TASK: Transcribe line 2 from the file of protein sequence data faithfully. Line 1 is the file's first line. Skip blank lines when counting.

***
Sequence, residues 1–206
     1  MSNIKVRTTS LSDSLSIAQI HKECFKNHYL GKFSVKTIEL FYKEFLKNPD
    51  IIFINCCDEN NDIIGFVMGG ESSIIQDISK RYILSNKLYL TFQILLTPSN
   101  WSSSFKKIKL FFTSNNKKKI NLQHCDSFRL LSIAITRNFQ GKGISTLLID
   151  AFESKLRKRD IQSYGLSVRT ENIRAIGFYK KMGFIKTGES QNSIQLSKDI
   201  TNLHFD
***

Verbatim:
     1  MSNIKVRTTS LSDSLSIAQI HKECFKNHYL GKFSVKTIEL FYKEFLKNPD